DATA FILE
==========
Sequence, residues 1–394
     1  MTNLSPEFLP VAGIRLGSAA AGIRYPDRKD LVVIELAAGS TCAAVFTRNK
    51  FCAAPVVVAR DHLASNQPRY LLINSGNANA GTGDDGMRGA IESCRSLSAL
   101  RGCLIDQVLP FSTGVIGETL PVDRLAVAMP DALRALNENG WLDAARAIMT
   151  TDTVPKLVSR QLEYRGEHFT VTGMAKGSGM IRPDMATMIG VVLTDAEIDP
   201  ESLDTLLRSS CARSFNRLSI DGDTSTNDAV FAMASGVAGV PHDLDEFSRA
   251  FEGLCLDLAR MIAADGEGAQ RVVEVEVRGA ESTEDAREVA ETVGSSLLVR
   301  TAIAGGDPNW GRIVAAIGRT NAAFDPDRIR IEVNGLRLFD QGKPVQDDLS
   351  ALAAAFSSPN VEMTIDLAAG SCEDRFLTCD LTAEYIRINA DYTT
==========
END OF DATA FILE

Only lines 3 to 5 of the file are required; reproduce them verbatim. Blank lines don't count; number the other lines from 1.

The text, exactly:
    51  FCAAPVVVAR DHLASNQPRY LLINSGNANA GTGDDGMRGA IESCRSLSAL
   101  RGCLIDQVLP FSTGVIGETL PVDRLAVAMP DALRALNENG WLDAARAIMT
   151  TDTVPKLVSR QLEYRGEHFT VTGMAKGSGM IRPDMATMIG VVLTDAEIDP